The spoon clanged against the side of the serving bowl like church bell, as warm, gooey creamed corn splattered onto the dining room table. My brothers and I went silent, and my dad was frozen with the knowledge that we had just stepped on the last nerve of the Lady of the House.
Our plates, filled to the edges with fried chicken, creamed corn, and mashed potatoes, weren’t enough to quell the fighting, the complaining, and the generally obnoxious behavior of kids who didn’t notice their mother spending her entire Sunday afternoon preparing their father’s favorite meal.
She had worked all day, flouring and frying chicken, making sure the potatoes were smooth, and perfectly salted. She had set the table. I’m sure she hoped her hard work would be appreciated by the ones she loved most. In her mind, we would all mind our manners, use kind words, and profusely compliment her on her outstanding culinary feat.
Instead, we were ourselves; bickering, not saying our pleases and thank yous, complaining about the things we didn’t like. And then, just as she was spooning her corn onto her plate, someone stepped over the line and the spoon went flying back into its bowl, splashing corn onto the walnut surface below. The complete lack of appreciation had overwhelmed my typically laid-back mom. With a tearful, and rather loud expression of her thoughts on what had just occurred, she went to her room, leaving behind her plate full of steaming deliciousness.
I vividly remember looking at the final offender, the one who couldn’t hold in a comment to the kid sitting across from him (name omitted to protect the individual), and said as matter-of-factly as a girl of 11 can, “Looks like you’re sleeping on the couch tonight.” I don’t think he finished his plate. In fact, I’m pretty sure none of us did.
The narrative above is one of the most retold stories in my family. We call it The Creamed Corn Incident. Thankfully, my mom snort-laughs when we tell it to her grandkids now—warning them to get along during meal times, or else.
Now that I’m decades past this memorable event and have an eleven year old myself, I find this moment in my mom’s life a little too easy to relate to. Maybe many of you do, as well. How many of you have spent your day on a meal only to have it go unappreciated? Sometimes, nobody complains about what you make, but instead, they bicker, or don’t sit still, or they make sock puppets under the table instead of eating their zucchini (anyone else?).
If you have picky eaters, dinnertime can often be a disaster. At least one person has something to say about what you’ve served, or the way their food is prepared. It’s exhausting and, frankly, irritating to put your best out there only to receive complaints.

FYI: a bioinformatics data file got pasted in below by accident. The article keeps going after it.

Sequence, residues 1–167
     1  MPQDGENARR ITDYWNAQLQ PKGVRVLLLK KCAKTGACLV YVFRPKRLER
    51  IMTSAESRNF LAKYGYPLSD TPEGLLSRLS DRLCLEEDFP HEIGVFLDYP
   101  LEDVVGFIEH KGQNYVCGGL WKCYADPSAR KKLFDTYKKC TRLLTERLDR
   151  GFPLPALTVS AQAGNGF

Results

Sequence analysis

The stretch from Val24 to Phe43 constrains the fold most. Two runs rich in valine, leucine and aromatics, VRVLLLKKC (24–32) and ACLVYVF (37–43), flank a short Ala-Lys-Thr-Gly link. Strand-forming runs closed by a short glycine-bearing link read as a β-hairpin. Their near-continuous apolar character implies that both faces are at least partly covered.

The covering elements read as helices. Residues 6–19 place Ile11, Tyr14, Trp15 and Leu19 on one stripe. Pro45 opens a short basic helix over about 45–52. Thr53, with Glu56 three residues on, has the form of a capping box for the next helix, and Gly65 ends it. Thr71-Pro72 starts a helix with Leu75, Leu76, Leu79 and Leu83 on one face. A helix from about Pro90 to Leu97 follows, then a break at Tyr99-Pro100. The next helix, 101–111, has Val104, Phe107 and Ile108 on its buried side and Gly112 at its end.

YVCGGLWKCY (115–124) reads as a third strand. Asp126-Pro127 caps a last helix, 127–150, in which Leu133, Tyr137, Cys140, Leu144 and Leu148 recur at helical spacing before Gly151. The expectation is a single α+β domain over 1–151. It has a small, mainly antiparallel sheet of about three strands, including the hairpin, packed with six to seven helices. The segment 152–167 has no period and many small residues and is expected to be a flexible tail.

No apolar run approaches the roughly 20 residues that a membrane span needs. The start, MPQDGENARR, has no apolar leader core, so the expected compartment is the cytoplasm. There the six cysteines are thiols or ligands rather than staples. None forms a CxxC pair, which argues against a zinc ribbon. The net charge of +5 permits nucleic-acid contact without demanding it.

Now that I’m thirteen years (gah! Thirteen?!) into this mom gig, I’ve learned a few things along the way that might help, but I’m only going to share two, because I think they’re the most important. Drumroll please……
1. Cook a meal both you and your spouse like.
I know this seems a little weird, and what about your picky kids? Well, let me share something with you. If my husband likes the meal I cook, he is crazy appreciative. He makes noises and eats seconds and even scrapes the kids’ leftovers onto his own plate. It’s really hard to feel unappreciated when the guy to your right is diving into his plate like it’s manna from heaven.
Additionally, making a meal you enjoy is critical. Why cook something you don’t want to eat? Let’s face it, those dinosaur-shaped nuggets aren’t cutting it for you anymore. I don’t even think they make them out of organic dinosaurs.
This rule may not keep your kids from fighting, or magically keep the milk in its glass, but the food will be delicious, and someone will appreciate your effort!
2. Don’t Let Your Expectations Ruin Your Experience
Chefs, our expectations can beat us, can’t they? We hope everyone will love our food and sit dreamily around our table, using perfect etiquette and acting as though The Queen were our dinner guest, but that isn’t our reality. In addition to making food we like, it’s also important to remember to manage our expectations. Our kids are kids, sometimes they scarf down food while it’s still hot, and sometimes they gag down cold green beans*. What was once a favorite is now horrible and disgusting.
Understanding ourselves, and our people, makes it a little easier to prepare for dinnertime. If you make a meal that isn’t a favorite, be ready for the displeasure, so you can adjust your expectations, then celebrate when one someone decides to try “just one bite” of green beans. That’s a win!**
Roll with the punches, Culinary Master, it will get better! Eventually they get hungry and they eat and you won’t even buy the dinosaur nuggets anymore. Until then, Stovetop Magician, keep soldiering on. Make the food you like and don’t cry over spilled milk. You’ve got this!
There you have them, Becky’s Top Two Tips for Enjoying Dinner! Use and abuse them. Let yourself enjoy your meal. Tonight I challenge you to make your favorite dish, sit down with your family, and marvel at the edible masterpiece before you.
|I made Low Country Boil on vacation a few years ago. It was the first time all three of my kids tried, and loved, a new food I'd cooked. I literally cried. Also, I need to learn to use some sort of SnapChat or Insta filter.
Do you have a Creamed Corn Incident of your own? I’d love to read it in the comments below. Or, if you’ve got an “everyone likes this” recipe, I’d love for you to share that as well. We’re in this thing together!
*Not a single Yurisich child will eat even one green bean. They’ll eat tons of other veggies, but I’m oh-for-three in green beans. Which is sad, because I L-O-V-E them.
** I audibly cheer any time a Yurisich kid puts a green bean in its mouth because positive reinforcement.